[PD] no pd?? WTF ????
Mathieu Bouchard
matju at artengine.ca
Fri Jan 13 14:05:13 CET 2012
Le 2012-01-13 à 10:46:00, João Pais a écrit :
> and you're only talking about the aesthetical/workflow features. to bring up
> a subject that I am paying attention only now, try out to see how high you go
> with [expr pow(2,$f1)] until you loose resolution - 20 in pd, but 30 in max5
> (the coming up of Pd double precision will help this, but it's a work Katja
> is doing alone).
There's a big difference between decimal precision as printed on screen
and in text files and [netsend], and binary precision used in most other
situations.
Pd is able to think of numbers bigger than a million, but won't print a
million plus one. It is able to if you force it to, using less than ideal
tools such as [makefilename] that creates one symbol each time, or
[#sprintf] that makes you a float list of ascii codes.
Neither binary nor decimal representation is more precise than the other,
it's just that their precision never matches exactly. 20 bits is slightly
less than 6 decimals, whereas 16 decimals is slightly more than 53 bits.
Thus you can only preserve precision by using slightly too many digits,
otherwise you'll have too few.
I don't know what max5 does, but the only practical float sizes in the
main processor are 24 bits and 53 bits. (this assumes that the most
significant bit is not recorded because it's always one)
> Which means, for example, in max you have more resolution than Pd to control
> the playback of large arrays with precision (up to 2147483647,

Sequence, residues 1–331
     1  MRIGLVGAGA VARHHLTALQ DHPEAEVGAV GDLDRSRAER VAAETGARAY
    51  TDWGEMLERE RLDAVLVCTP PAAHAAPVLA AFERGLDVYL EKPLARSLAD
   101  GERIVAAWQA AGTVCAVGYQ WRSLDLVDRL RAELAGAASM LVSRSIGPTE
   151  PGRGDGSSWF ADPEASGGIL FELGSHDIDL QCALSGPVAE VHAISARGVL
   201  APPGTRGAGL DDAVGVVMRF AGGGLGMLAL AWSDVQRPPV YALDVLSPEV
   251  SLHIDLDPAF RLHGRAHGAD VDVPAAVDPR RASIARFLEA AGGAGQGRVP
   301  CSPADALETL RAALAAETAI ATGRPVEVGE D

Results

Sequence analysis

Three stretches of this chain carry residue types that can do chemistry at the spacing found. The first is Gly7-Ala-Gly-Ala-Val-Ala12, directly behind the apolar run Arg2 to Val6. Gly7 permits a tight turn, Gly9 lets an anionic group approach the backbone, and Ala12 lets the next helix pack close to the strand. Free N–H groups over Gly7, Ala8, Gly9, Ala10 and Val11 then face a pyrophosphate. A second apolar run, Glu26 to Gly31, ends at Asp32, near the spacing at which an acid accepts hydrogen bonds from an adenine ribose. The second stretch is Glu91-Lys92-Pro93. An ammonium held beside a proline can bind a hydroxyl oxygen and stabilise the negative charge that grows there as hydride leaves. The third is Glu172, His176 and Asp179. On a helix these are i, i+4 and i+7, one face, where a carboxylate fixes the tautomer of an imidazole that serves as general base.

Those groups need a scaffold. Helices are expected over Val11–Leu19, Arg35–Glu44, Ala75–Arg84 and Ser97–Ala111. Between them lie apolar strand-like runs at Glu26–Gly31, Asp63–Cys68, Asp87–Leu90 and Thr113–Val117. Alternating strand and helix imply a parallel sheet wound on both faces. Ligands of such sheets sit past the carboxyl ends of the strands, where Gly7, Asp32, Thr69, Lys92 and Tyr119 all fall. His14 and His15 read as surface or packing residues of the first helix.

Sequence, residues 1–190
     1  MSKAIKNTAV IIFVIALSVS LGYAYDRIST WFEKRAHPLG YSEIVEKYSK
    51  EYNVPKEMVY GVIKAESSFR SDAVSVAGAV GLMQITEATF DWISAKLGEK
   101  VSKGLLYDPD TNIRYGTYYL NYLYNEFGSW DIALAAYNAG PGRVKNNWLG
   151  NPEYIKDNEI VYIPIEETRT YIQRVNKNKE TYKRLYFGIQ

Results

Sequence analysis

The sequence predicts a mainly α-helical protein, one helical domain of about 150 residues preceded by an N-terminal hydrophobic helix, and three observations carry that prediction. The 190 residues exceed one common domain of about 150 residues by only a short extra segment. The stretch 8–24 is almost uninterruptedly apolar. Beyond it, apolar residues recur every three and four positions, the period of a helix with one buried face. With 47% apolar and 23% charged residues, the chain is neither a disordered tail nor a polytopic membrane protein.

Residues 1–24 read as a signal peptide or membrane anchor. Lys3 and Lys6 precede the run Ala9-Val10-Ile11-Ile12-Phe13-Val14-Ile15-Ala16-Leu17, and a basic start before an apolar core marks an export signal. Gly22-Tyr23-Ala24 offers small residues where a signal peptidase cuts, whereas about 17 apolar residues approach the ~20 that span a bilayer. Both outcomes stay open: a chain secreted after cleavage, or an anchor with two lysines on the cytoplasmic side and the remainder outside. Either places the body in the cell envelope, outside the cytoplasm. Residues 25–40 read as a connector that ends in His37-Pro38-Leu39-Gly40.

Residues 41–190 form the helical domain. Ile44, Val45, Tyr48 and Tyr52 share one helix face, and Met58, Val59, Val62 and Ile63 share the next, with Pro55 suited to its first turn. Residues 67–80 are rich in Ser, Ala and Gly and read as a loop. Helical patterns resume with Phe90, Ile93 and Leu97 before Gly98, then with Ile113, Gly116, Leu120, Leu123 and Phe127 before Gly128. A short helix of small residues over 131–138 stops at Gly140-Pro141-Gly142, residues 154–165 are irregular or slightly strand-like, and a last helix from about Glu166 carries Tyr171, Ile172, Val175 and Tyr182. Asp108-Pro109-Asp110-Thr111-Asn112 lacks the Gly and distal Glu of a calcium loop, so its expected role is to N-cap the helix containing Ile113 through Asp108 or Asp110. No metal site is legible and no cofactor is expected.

that's 31 bits. From 0 to 2147483647, you have 2147483648 numbers, which
is pow(2,31) exactly (aka 1<<31), if it didn't overflow. the 32nd bit is
the sign. That's using integers. I bet that you can't have integer
signals. Can you ? Otherwise, you're stuck at the same limit as Pd...
though Pd42 does offer a workaround as a 2nd inlet in [tabread~].
Does Max offer that 2nd inlet ?
BTW : in floats, pd can exactly represent powers of two up to pow(2,127).
Powers of two are represented exactly in binary. They just won't be
printed exactly in decimal by default, but [makefilename %f] can print
«symbol 170141183460469231731687303715884105728.000000» accurately. The
float format stops working just before getting to pow(2,128). But for
[tabread~] you need contiguous integers, and that stops at 16777216, and
for [tabread4~] you need at least some fractions to make it useful at all
(contiguous sixteenths stop at 1048576, for example). So, your power-of-2
example is misleading in another way.
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| Mathieu BOUCHARD ----- téléphone : +1.514.383.3801 ----- Montréal, QC
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